Tuesday, October 13, 2009

Setting Goals

As the librarian at our homeschool library, I often get a panicked question about what should my child know and when should they know it. Having learned the hard way, I try to guide mothers away from this thought process. Who’s to say when kids must learn to multiply fractions or know the parts of speech? Yes, these things are important, but rather than compare our kids with all the others, I think we’re better off setting concrete goals—and there’s many things on my list ahead of academics.

Set character goals. What moral virtue would you like to instill in your children? Pick one and spend a month on it, or many a year. Responsibility, honesty, kindness, patience, hope…you decide what’s essential for your family. You may have the smartest kids in the world, but if they flunk the character test, big problems are ahead. More students fail in college because of a lack of discipline or responsibility than a lack of math facts.

Set Worldview goals. How do you view the world? Like a socialist? Humanist? Christian? Many of these views permeate our society and can creep into our lives if we’re not careful. We need to teach our children the difference in the way a humanist views the world as opposed to a Christian. Stand to Reason has a wonderful web site full of great articles on worldview. Find them at www.str.org.

Check out these books: How to Be Your Own Selfish Pig by Susan Schaeffer McCaulay, Don’t Check Your Brains at the Door by Josh McDowell, and The New Tolerance by Josh McDowell.

Set Academic Goals. Many books will give the scope and sequence of what they teach at various grade levels, but I like to see other types of goals. Our family will read ten books on missionaries to different countries this year. My high school student will spend his senior year reading two of the classics each month. Each of my children will complete a research paper this year, including the proper use of note cards, making an outline, and using the MLA format.
I think goals like this will take you farther than stressing over what your child should know at each grade level. After all, it seems the Bible teaches that comparing ourselves among ourselves is not wise.

How about you? How do you decide what and when your children should learn? What goals would you add to this list?


  1. A great reminder Teri, its so easy to think everybody elses kids are furthur ahead, more disciplined, better in English, spelling and math, but charater is the reason I chose to homeschool and often is the subject "I don't have time" to work on. Character needs to be forefront, if my kids are a whiz at math, but people don't enjoy being around them, who cares. Thanks for the blog, great work. jangarcia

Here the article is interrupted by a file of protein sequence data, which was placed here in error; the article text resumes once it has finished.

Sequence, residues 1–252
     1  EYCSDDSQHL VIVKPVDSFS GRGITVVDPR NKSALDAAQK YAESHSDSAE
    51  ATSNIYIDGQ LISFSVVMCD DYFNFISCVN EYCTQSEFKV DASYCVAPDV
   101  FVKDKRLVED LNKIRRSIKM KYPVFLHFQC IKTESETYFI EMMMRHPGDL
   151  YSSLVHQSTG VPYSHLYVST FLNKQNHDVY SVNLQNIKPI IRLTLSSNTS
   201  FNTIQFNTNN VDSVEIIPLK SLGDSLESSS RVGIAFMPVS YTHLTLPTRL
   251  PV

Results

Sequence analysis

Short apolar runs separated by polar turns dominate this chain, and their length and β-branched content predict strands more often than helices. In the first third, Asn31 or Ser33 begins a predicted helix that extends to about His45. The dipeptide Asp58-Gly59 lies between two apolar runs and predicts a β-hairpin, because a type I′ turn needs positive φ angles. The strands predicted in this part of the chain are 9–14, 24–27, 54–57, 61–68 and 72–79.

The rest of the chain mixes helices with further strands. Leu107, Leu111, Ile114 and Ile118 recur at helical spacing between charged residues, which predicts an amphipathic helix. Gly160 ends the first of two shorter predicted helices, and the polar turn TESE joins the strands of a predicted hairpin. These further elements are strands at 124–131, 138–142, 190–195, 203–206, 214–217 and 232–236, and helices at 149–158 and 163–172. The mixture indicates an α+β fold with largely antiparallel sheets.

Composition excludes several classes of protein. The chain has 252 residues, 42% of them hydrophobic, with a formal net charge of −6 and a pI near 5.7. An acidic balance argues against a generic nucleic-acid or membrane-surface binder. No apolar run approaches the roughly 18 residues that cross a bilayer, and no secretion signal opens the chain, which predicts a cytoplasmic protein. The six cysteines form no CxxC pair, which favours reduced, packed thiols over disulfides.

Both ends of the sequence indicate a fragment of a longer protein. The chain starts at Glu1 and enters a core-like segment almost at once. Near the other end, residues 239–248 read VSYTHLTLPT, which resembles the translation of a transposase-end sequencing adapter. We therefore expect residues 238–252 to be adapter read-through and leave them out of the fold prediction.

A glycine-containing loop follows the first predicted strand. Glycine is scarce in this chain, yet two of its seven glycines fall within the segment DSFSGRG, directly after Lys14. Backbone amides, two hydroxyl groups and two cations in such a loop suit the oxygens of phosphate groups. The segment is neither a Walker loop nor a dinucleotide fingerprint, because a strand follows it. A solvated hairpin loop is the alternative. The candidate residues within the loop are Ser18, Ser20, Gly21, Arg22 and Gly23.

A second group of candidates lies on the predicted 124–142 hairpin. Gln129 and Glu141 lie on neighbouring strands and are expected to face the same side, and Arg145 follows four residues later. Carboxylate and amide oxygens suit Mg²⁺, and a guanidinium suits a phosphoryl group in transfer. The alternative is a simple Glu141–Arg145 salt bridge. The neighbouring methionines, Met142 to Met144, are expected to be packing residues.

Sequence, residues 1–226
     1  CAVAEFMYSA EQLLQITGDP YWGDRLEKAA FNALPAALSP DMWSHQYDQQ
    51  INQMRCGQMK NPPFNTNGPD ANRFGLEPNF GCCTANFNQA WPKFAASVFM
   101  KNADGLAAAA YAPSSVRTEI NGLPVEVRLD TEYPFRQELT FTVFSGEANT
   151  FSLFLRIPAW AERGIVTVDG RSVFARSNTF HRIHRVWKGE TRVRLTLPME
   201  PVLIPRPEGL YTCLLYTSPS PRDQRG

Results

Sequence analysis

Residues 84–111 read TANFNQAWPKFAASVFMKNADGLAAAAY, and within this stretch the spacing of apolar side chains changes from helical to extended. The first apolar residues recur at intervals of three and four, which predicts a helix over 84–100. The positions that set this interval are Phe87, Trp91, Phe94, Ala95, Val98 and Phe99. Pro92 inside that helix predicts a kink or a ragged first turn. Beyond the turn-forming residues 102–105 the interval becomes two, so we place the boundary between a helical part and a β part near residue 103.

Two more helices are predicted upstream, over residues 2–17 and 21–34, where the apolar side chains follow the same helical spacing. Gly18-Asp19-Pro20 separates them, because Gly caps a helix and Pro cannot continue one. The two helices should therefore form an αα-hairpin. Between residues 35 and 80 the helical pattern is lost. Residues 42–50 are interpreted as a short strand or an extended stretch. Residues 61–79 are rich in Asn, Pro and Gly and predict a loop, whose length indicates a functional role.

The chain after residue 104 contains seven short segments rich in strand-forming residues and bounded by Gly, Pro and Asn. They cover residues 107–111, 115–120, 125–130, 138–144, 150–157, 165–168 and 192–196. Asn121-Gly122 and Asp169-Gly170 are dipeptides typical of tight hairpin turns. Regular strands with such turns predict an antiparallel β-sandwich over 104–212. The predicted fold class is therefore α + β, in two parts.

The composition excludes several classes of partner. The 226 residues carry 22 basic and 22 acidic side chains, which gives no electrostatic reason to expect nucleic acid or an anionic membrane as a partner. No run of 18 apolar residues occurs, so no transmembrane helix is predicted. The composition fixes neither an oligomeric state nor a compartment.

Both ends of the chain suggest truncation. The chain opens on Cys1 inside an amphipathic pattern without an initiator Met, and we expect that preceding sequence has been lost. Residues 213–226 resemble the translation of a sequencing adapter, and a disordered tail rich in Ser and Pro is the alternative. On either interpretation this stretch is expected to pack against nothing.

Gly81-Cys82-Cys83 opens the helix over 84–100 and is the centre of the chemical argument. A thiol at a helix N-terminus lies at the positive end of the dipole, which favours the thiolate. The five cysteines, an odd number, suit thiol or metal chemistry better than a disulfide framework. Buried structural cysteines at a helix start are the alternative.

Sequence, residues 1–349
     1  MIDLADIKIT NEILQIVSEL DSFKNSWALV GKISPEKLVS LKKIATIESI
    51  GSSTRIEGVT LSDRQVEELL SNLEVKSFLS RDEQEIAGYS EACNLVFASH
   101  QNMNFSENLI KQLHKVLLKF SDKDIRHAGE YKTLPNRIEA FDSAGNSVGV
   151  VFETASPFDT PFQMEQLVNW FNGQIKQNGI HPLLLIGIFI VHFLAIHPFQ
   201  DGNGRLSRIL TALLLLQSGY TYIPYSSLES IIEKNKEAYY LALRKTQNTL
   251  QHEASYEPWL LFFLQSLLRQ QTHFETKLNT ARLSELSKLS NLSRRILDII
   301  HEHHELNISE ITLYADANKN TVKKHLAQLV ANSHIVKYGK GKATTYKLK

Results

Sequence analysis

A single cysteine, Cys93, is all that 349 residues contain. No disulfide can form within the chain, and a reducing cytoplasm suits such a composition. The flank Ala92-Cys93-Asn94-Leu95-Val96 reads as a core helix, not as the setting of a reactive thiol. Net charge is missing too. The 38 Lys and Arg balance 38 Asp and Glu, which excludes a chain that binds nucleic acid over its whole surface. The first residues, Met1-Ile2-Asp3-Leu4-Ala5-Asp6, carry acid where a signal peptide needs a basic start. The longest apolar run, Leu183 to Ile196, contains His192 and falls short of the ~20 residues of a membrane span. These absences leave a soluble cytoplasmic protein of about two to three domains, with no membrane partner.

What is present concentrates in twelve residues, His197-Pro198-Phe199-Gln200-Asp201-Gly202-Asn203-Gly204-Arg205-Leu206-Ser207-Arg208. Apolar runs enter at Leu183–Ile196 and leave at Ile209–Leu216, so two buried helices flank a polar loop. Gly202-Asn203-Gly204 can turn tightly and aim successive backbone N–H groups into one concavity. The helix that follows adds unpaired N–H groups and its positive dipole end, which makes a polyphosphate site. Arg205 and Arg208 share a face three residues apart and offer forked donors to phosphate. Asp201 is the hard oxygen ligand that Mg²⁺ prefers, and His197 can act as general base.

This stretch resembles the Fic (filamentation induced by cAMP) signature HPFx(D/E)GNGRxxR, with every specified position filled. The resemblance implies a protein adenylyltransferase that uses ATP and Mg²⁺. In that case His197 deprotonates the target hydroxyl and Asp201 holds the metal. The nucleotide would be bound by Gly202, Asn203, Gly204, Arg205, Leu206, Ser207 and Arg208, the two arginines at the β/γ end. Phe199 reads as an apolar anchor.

2. You make a good point, Jan. We need to take the time to work on character as well as Math and English. May God bless your family!

  3. Thanks for all your words of encouragement, Teri. You've been an inspiration in so many ways.

    Over the past couple of years God has been showing me that sometimes our curriculum can actually stand in the way of our spending the time necessary to build godly character in our kiddos. A curriculum can "drive us" causing us to leave out those things that we daily sense need to be addressed in our family life. I am finally learning! God is faithful.

    You know, homeschooling is as much about OUR growth as it is about our kids' education and growth :-)

    God bless all you homeschooling families as you take the adventure with our Heavenly Father.

  4. Hello everyone! I just wanted to say thanks for creating this site for us to get some much needed encouragement.
    I have used material from Character First in the past w my kids to learn character qualities. It has been fun. You can go to their website and go to the resource link to access the store. Check it out.
    Sarai Mendoza

  5. Anonymous friend: You're so right that a curriculum can actually bind us if we're not careful. Thankfully we have a Father in heaven who shows these things to us!

    Sarai, We're so glad you stopped in today! Thanks for the tip about Character First. When we incorporate fun in our teaching, the lesson often sticks much longer!

  6. It is so exciting to see homeschool moms sharing information with each other. That is one of the reasons I was so excited about doing this blog. The days can fly by without contact with other moms. We need each other! Thanks for your input.

  7. Up until this year when we joined a co-op, we always started our day with one of the "Christian Heroes Then and Now" books. I would read to them for about an hour, then we would discuss what we'd read. Most of the time, they would beg me to read more. The stories are exciting, educational with built in history and geography lessons, but most importantly, character building. Of all the books we've used for building Godly character, these are the best in my opinion. I will always cherish those days and look forward to my grandchildren some day hearing the stories too. Thanks for starting the site.

  8. Great idea, Wendy. We loved reading about Christian Heroes too. I'll have to and see if those books are the same ones we have in our homeschool library.